Limerick TDs express lack of confidence in UHL management as 71-year-old patient spends eight days on hospital trolley

University Hospital Limerick

MANAGEMENT at the chronically overcrowded University Hospital Limerick (UHL) are coming under mounting pressure with local politicians Willie O’Dea and Maurice Quinlivan declaring they have little or no confidence in its leadership.

Concern for patient safety at UHL has grown after a number of recent patient deaths and the revelation by Sinn Féin TD Maurice Quinlivan that a 71-year old Limerick man spent eight days on a trolley at the hospital last week.

Limerick TDs Willie O’Dea (Fianna Fáil) and Maurice Quinlivan said it was “hard” to have confidence in the UHL management while overcrowding continued to worsen, despite a specialised HSE taskforce parachuting into the hospital last year, as well as recent investment in the hospital by the Department of Health.

Independent County Limerick TD Richard O’Donoghue has also made repeated calls for senior UL Hospitals Groups officials (the body in charge of UHL) to step down, while Bernard Gloster, the head of the HSE, and Health Minister Stephen Donnelly had both recently declined to specifically endorse management.

‘How could you have confidence … when you have a horror story at the hospital every single day?’

Colette Cowan, ULHG chief executive, has been on leave since early ­February. Around the same time as Ms Cowan’s temporary departure, a record 150 patients in a single day were left waiting on trolleys and chairs in the corridors of the hospital’s overwhelmed emergency department and wards.

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“There has to be an immediate government intervention at UHL. This is all down to lack of resources, staff, and capacity,” Deputy Quinlivan said.

Asked whether he had confidence in ULHG, Mr Quinlivan replied: “Well, how could you have confidence in people when you have a horror story at the ­hospital every single day?”

The Sinn Fein TD said he had to “personally intervene” last week in the case of a 71-year-old stroke patient “who was eight days on a trolley” at UHL.

“Nobody should be that length of time on a trolley, but we see it every single day, the whole system is chaotic and the problem goes back to 2009 when the then government closed down EDs (emergency departments) in Nenagh, Ennis, St John’s.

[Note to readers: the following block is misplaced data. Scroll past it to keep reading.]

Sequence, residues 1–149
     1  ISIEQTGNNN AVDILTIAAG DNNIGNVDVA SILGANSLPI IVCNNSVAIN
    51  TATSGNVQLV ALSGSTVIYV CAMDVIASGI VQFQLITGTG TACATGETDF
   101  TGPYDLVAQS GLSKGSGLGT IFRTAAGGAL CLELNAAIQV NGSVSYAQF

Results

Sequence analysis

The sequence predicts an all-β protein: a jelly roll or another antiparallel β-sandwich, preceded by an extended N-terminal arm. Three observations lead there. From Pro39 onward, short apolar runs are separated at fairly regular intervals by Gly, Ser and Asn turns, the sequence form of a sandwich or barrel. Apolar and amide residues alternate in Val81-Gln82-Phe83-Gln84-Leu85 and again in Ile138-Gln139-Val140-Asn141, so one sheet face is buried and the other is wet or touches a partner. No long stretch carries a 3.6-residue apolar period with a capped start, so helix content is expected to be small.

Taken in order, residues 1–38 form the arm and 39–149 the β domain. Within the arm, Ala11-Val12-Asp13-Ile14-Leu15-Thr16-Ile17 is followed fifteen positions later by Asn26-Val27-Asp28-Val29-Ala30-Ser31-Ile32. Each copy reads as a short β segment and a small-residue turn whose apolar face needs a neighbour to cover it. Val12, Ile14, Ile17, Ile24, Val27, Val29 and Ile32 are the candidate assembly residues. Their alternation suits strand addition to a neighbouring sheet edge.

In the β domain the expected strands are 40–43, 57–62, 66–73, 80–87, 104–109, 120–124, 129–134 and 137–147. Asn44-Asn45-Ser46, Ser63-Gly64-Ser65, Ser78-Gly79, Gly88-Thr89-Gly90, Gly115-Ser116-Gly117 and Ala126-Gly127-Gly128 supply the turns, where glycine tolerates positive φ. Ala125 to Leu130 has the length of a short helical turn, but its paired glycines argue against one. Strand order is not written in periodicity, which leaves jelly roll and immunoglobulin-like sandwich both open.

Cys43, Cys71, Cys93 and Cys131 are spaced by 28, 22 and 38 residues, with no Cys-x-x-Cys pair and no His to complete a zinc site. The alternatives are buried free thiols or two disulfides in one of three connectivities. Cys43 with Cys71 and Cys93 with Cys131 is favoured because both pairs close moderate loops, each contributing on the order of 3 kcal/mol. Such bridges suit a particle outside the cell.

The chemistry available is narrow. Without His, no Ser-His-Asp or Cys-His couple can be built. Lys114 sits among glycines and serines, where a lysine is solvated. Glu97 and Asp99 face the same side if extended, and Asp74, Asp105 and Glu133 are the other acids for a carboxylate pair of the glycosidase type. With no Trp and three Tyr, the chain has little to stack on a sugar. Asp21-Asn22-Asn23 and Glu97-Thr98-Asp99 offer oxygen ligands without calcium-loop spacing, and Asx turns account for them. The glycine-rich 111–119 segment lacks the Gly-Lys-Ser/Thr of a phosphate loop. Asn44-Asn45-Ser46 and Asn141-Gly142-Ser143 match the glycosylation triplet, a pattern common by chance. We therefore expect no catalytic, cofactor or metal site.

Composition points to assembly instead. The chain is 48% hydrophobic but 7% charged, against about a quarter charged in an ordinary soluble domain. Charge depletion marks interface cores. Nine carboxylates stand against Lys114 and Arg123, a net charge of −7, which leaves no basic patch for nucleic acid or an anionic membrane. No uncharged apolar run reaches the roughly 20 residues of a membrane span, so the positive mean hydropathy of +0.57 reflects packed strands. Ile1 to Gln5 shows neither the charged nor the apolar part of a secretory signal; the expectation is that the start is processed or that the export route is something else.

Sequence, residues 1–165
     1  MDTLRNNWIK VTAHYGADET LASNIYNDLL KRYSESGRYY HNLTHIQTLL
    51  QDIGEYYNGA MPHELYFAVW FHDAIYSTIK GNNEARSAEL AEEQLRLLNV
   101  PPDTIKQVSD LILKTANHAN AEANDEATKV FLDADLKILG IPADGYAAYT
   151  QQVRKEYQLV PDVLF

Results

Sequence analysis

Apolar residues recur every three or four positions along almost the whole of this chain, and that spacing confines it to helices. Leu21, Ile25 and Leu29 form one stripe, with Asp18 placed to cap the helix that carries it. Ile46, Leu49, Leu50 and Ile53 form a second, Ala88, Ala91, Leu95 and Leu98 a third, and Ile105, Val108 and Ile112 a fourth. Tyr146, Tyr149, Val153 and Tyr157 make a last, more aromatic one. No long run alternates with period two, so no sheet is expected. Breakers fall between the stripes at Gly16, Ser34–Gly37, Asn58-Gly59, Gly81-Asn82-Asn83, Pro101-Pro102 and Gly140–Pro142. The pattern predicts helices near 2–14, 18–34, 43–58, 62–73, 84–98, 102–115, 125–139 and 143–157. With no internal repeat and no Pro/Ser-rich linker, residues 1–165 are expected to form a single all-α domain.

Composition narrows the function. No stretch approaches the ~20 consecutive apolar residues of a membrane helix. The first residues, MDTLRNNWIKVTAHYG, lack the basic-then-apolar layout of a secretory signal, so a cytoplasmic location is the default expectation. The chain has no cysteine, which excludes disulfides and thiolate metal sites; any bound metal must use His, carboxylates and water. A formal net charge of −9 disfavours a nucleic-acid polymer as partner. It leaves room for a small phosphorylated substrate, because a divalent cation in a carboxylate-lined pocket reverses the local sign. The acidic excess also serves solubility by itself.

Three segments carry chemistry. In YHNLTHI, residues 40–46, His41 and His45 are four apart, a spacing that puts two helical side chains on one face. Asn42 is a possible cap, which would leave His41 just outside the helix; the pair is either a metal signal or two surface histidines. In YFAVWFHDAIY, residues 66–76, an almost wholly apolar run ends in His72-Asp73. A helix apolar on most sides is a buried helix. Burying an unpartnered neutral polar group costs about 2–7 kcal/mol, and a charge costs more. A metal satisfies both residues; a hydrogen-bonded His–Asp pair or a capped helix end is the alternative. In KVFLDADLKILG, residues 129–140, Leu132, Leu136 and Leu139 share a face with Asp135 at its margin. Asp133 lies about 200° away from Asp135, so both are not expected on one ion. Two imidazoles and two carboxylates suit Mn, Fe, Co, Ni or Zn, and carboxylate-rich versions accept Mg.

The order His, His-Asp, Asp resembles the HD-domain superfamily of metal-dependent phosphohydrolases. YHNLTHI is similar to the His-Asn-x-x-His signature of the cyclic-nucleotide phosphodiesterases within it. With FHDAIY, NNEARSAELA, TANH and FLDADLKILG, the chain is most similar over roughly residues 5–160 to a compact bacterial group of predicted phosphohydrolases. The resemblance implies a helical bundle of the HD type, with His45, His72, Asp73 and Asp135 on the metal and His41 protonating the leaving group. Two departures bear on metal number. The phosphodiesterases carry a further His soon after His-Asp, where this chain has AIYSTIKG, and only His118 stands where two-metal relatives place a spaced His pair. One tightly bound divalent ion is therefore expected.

“There is definitely a case for reopening a second emergency department in the Mid West region,” Deputy Quinlivan added.

Concerns falling on deaf ears

While the Taoiseach has ruled this out, Fianna Fáil TD Willie O’Dea has urged the government to reconsider.

Deputy O’Dea said that his party had “not followed through” with reconfiguring 24-hour accident and emergency services in Clare and north Tipperary, adding that “sufficient monies haven’t been provided” to buffer the impact on UHL’s ED following the closure of the region’s other full time ED units in 2009.

The Fianna Fáil TD said he had raised his concerns in the Dáil about overcrowding at UHL, but complained this was effectively falling on deaf ears.

Deputy O’Dea acknowledged the hospital’s managers have a “very difficult job” but he said he also found it “hard to have confidence” in the hospital group.

“My assessment is quite simple: there are not enough beds in UHL to service the population of the area that it is supposed to be servicing,” Deputy O’Dea added.

Limerick Fianna Fáil Minister of State at the Department of Skills and Further Education, Niall Collins, said the government is trying to provide solutions and “is not sticking our heads in the sand and denying there are huge challenges”.

“The health minister has increased ULHG’s operating budget by 25 per cent, has increased its workforce by about 1,000, has added 130 beds to the hospital group, 96 more beds are under construction, and 96 more are planned.”

Minister Collins said his department has made a “huge effort” tackling a shortage of GPs, “so much so, that the numbers of GPs being trained has almost trebled”.

“Between training GPs here and recruiting GPs from abroad means that now, for every GP that is retiring, there is two coming on stream.”

‘Not fit for purpose’

Mary Cahillane, of the Mid West Hospital Campaign, said she believed that changing UHL’s management would not solve the overcrowding crisis. Instead, she said further investment in beds and staff and the reversal of the closure of accident and emergency units would tackle the problem.

“UHL’s ED was supposed to cater for 70,000 patients annually, but, last year, over 80,000 went through its doors. It is not fit for purpose,” she said.

The UL Hospitals Group responded by saying that overcrowding “is a complex, multi-faceted challenge” and that UHL “has a well-documented deficit in bed capacity”.

It said 192 beds were due to come on stream in the next few years, 96 by the first quarter of 2025, but this would not address the immediate overcrowding “and long waits for inpatient beds that are a regular feature in UHL currently”.

The group said it was “managing some of the highest attendances” at its ED and that long waits for beds for patients was “a source of great regret and we apologise”.

It provided latest available patient attendance figures for UHL, showing that, up to February 4 this year, ED presentations at UHL increased by 23 per cent on last year, with emergency admissions up 14 per cent.

It said it had started several patent flow initiatives particularly focused on “geriatric ED-avoidance unit for over 75s”.

The group said it had recruited 21.5 whole-time equivalent additional ED staff nurses, two additional ED consultants, and an extra 20 non-consult hospital doctors.